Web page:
How do you scandalize a modern audience watching a Restoration comedy like John Vanbrugh's naughty 1697 immorality play of bad manners? Any way you can, if you're Mark Wing-Davey, judging from the Brit director's radical take on the goings-on among the rich and libidinous in 17th century London.
How do you scandalize a modern audience watching a Restoration comedy like John Vanbrugh’s naughty 1697 immorality play of bad manners? Any way you can, if you’re Mark Wing-Davey, judging from the Brit director’s radical take on the goings-on among the rich and libidinous in 17th century London. So the wigs get tossed and the petticoats go flying, replaced by red leather and black Spandex. Instead of a stroll in the park, there’s a trip to the red light district. And gone are the Brit accents, replaced by characters using a Southern drawl while munching on contemporized speeches and crudities.
But for all the conceptual huffing and puffing, this nearly three-hour endeavor isn’t startling so much as desperate to find some way to give life to this strange and foreign world of manners, marriage and sex. The result is the opposite of what may be intended. The modernist interpretation doesn’t draw us in so much as it keeps us out through its stark and stylized approach.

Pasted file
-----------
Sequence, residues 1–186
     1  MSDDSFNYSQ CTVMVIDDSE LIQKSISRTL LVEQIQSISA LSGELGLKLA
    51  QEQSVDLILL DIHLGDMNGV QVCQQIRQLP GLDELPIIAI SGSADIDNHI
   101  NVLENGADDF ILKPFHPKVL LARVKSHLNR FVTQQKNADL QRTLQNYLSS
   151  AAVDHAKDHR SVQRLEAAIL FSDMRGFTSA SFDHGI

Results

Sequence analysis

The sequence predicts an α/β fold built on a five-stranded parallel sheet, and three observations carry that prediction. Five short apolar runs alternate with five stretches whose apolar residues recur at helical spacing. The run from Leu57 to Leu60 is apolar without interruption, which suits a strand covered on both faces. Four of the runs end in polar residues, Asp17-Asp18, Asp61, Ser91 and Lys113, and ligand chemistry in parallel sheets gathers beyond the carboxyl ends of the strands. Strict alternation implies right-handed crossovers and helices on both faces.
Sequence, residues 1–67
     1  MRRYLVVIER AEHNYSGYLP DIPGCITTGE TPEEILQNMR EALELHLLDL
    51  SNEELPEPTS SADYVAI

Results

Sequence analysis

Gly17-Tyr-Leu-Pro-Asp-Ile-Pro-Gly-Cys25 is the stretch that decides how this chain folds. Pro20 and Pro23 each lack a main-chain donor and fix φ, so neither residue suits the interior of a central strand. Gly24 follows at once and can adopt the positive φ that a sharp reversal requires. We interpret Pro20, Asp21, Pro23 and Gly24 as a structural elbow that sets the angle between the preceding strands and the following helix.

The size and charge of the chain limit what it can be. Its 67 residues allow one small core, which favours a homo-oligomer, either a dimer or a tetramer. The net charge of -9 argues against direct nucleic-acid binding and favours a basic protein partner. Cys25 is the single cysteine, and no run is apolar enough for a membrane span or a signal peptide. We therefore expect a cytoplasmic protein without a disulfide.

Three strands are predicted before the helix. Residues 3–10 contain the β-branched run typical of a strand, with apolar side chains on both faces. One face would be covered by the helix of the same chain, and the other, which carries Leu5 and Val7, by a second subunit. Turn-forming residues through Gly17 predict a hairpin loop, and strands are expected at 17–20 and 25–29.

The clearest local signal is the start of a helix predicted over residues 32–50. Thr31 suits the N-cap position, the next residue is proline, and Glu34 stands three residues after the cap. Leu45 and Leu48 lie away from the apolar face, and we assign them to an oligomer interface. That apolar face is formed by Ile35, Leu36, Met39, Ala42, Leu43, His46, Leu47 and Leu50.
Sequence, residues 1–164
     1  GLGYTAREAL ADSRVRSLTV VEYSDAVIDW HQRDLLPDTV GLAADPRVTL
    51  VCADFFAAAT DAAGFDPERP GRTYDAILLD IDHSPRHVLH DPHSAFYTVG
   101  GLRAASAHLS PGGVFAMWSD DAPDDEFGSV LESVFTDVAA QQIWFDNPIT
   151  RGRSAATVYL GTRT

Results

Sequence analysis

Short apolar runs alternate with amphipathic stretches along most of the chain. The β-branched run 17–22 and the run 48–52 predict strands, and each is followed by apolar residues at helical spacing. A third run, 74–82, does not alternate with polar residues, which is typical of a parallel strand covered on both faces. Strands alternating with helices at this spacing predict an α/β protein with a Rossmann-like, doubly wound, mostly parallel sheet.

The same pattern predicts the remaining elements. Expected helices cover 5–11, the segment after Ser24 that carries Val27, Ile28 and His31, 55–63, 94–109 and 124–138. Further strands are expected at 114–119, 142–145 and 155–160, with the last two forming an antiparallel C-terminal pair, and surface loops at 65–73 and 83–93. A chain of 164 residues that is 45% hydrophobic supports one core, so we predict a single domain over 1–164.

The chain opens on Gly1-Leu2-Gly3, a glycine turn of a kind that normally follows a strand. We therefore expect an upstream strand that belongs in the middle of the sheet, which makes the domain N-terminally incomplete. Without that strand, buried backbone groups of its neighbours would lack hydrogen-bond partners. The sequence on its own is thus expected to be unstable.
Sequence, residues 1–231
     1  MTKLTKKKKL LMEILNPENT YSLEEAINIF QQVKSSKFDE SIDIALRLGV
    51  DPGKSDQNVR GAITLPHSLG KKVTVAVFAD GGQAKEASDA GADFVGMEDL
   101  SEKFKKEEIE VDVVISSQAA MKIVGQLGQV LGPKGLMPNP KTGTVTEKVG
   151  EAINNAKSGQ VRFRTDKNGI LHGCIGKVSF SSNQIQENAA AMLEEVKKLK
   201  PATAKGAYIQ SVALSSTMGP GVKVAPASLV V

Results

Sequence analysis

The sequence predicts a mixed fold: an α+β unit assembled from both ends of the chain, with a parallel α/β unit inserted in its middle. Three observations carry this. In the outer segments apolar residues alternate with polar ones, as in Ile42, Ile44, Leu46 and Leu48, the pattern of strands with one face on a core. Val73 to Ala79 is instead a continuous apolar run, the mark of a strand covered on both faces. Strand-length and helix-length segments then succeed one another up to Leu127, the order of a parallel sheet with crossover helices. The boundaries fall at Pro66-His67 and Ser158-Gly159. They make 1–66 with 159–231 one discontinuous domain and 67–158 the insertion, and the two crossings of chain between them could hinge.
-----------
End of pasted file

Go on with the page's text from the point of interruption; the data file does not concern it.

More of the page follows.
The prologue, spoken by a casually dressed Remo Airaldi invading a lineup of characters in 17th century period attire, makes it clear that this is no minuet. Referring to “the People’s Republic of Cambridge,” we are put on notice that a revolutionary, deconstructionist take on the play is about to unfold.
Wing-Davey compartmentalizes the characters and situations quite literally. In the vast white stage of the Loeb, Marina Draghici’s equally spare sets are rolled out as if they were file drawers in a cabinet. (In one case, a Plexiglas box platform allows a character to play racquetball, perhaps a sly reference to the tennis-court theaters of the playwright’s day. Still, it’s a major effort to little effect.)
But the game of sex is what’s being played onstage, centering on the awful marriage of the aristocratic Brutes. He is a drunk, carouser and abuser, played with primal gusto by Bill Camp. Lady Brute (Kate Forbes), in turn, seeks her own escape into a sexual fantasy on the verge of becoming a reality.
Her smitten amour (Peter Rini), his anti-romantic buddy (handsomely played by Adam Dannheisser), a ready-to-bloom niece (a lackluster Deborah Knox Meschan) and a big belle of a rival (Effie Johnson in “Designing Woman” mode) all conspire in the licentious plot. Karen MacDonald marvelously plays a wicked French maid.
But whether it’s the cavernous stage or the provok’d directorial style, the actors play in oversized strokes, and while they may hit the comic target on occasion, the play’s themes are muddied in the mess. Only Forbes and Rini root their wild detours in any sense of reality.
The age-old dance of those who strain and sweat in the struggle between public virtue and private fact certainly has contemporary parallels. But in Wing-Davey’s production, those connections are lost among the far-flung directorial conceits. And that’s a scandal.